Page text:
Somewhere there now exists a recording of Kirsty saying (in her best Nurse Ratchet voice) “it doesn’t matter what the lyrics are” and me sulkily muttering “it always matters what the lyrics are…”
But of course it all turned out fine and once the three of us relaxed into a working rhythm that suited us all we had a great time. I’ve talked before about the importance of getting outside of one’s comfort zone as well as how valuable (and indeed essential) it is to collaborate with others – I’m glad to report that on both counts this experience was highly rewarding.
And it was great to get a rare glimpse of the way others compose. In my work with Un-Convention I spend time trying to demystify elements of the music business to help emerging artists (and indeed myself) find a path that suits them/us best. One of the greatest myths we struggle with in the creative industries is, perversely, that of creativity itself. It is almost as if artists are sworn to an oath of secrecy like conjurers in the magic circle. Now, as a performer I am well aware of the value of myths and magic and I certainly do not welcome transparency in all areas of what I do (and I’m sure the audience wouldn’t either) but I am happy to admit that there is no great celestial process, I do not rely on a muse and no one I know has ever sold their soul at a crossroads.
I suspect a lot of artists are preoccupied by other people’s creative process. That’s the impression I get when I see the way in which many examine the work of certain practitioners as if they’re attempting to decipher an ancient language. But much of the time there is no process – there are just songs, each one requiring a different treatment, there being as many variants as there are illnesses. Imagining that others have some kind of procedure while the rest of us go blundering along hoping to trip over some amazing fully-formed idea is nonsense. Apparently Dylan and Bowie both cut out random words and arranged them in different combinations when composing their lyrics; Leonard Cohen whittled Hallelujah down from eighty draft verses over many agonizing months; Lennon and McCartney would bash away at an idea for three hours and if they hadn’t finished it in that time they’d move onto something else, if hook lines didn’t survive in the memory for twenty four hours unaided by recording or notation then they were deemed unsuitable for development. All these are examples of legendary song-writers, all with different ways of working. And, quite possibly, a lot of that stuff isn’t consistently true. After all, do any of the above really seem like the kind of personalities that would follow strict rules?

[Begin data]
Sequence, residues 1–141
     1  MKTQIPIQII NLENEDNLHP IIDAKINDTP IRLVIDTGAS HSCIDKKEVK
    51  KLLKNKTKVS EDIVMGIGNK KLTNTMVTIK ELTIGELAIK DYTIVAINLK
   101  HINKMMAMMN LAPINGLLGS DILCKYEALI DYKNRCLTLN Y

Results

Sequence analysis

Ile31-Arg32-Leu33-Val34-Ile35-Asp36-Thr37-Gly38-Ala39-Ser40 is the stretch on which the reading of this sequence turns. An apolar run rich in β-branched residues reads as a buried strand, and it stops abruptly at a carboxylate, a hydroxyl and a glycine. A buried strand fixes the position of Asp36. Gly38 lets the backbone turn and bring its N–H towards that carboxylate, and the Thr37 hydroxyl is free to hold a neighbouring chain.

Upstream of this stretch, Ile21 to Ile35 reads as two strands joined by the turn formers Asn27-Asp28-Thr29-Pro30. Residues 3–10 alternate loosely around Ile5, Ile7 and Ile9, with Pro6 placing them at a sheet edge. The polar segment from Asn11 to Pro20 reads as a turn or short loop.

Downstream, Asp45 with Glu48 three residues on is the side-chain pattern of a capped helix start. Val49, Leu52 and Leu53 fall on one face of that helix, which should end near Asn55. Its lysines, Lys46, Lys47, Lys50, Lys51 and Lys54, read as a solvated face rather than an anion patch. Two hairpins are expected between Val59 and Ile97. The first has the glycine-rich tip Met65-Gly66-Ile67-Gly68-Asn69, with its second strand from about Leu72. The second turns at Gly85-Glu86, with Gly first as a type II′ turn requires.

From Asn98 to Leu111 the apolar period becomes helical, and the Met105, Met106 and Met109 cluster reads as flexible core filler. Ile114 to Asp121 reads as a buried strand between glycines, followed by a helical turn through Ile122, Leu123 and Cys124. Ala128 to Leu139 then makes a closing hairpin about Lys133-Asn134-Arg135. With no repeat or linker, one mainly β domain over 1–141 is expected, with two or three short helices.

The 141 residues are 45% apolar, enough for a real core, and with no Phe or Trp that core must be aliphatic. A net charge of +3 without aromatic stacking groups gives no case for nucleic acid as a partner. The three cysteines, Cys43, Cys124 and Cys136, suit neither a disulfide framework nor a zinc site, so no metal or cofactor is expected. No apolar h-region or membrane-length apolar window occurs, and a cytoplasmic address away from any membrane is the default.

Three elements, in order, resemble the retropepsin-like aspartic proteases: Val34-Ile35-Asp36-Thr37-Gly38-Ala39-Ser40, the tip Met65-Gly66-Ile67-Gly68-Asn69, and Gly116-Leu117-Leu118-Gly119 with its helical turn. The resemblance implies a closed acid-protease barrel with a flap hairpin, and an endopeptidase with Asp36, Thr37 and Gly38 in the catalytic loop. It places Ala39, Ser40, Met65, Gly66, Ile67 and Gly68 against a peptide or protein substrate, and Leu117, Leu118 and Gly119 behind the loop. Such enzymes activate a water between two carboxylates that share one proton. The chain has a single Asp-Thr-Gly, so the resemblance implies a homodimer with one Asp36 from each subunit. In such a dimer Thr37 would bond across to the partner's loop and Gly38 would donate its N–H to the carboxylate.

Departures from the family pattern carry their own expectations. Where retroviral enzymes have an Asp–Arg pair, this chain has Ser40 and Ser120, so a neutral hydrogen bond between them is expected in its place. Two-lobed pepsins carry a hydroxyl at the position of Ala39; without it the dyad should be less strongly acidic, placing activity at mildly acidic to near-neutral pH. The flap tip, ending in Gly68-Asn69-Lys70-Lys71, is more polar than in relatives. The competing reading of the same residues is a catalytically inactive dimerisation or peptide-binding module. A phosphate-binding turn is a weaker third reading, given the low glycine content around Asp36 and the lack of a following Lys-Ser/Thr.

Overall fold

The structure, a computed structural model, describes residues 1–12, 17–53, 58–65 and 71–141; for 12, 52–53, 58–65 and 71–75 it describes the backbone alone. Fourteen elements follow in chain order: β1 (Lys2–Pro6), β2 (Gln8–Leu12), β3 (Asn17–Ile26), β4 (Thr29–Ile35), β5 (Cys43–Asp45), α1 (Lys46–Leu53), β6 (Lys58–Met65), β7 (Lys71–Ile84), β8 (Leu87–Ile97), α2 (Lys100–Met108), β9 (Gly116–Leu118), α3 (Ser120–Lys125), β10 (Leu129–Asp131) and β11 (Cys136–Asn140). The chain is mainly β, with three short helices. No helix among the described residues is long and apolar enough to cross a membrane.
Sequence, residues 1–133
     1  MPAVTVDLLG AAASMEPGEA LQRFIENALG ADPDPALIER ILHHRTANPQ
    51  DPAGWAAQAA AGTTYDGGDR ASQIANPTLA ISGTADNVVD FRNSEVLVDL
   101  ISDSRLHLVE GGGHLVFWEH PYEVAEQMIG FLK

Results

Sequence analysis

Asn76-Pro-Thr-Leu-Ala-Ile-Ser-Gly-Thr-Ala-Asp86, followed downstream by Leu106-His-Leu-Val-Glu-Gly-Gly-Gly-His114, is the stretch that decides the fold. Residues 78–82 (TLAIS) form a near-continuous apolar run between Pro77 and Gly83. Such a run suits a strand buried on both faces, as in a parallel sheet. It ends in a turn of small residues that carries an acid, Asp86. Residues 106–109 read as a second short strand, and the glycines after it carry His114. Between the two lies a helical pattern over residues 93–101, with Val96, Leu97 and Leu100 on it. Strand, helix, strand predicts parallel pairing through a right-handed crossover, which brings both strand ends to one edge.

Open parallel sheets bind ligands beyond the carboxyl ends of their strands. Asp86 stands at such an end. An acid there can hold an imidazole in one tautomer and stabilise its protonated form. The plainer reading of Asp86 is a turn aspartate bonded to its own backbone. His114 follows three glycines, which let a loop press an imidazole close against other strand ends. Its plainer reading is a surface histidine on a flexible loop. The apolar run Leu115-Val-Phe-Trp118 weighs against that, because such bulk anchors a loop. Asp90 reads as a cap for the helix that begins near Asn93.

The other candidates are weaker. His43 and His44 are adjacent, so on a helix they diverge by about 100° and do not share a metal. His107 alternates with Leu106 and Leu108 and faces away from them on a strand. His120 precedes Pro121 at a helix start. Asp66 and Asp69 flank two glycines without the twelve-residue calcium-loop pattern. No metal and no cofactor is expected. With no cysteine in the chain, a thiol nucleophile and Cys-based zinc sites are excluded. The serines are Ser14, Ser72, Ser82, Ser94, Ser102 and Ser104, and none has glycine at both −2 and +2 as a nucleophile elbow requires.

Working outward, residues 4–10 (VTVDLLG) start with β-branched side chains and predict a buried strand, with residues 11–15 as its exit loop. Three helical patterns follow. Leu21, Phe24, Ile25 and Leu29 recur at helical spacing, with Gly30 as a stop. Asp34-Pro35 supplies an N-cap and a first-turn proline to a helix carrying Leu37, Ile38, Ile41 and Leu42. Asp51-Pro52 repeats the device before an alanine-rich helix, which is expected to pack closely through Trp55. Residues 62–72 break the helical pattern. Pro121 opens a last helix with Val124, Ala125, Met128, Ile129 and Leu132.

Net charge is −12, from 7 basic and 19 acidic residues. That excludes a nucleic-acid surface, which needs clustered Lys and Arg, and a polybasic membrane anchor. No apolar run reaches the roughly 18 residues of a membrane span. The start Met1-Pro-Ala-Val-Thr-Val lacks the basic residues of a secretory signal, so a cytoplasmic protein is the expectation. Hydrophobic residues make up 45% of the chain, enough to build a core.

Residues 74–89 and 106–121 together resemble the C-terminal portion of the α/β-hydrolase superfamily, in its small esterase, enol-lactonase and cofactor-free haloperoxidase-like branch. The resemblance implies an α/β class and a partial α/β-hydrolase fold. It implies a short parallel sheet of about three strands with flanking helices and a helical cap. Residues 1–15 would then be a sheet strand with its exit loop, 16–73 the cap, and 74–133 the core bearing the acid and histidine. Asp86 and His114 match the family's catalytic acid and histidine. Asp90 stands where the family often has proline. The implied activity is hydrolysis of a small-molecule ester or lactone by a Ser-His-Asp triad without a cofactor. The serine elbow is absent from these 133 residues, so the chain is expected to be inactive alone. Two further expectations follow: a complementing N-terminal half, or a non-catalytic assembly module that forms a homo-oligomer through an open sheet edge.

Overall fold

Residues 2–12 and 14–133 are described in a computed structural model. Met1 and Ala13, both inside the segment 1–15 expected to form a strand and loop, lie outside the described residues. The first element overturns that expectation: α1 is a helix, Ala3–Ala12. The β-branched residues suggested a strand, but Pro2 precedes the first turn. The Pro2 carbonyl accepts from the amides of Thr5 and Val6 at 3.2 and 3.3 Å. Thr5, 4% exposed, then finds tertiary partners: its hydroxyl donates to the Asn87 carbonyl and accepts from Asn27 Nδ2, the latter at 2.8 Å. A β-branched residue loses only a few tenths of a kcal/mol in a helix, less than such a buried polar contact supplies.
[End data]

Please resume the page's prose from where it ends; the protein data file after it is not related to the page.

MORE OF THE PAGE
Personally I write absolutely everything down immediately (in near-illegible tiny writing so as to save paper – see photo with guitar included for scale). It is an almost compulsive thing. So I guess that’s my technique. I archive each lyric-shaped thought, quip, couplet, metaphor and observation. Walk a lot, watch a lot, fill up the notebooks and hope I’ll make sense of all that accumulated human data later. But when it comes to finally forging the pig-iron into steel there’s very little science involved, in fact every time I write a song I feel like it’s the first one – and not in a romantically innocent way, more in a “what the hell am I doing” way. I don’t have much recollection of how I wrote the last one because, as a rule, after they’re finished I make a concerted effort to distance myself from the thing and listen from the point of view of an audience. Simply put I think the unifying factor of each piece is that I try to follow what I think a song should do from one point to the next without much thought given to technical theory, instead I go with my gut (this isn’t a conscious decision – I’m just not musically educated so it’s the only option left open; admittedly I think being relatively naive in this regard can sometimes be an advantage over more trained ears, though many would disagree with me).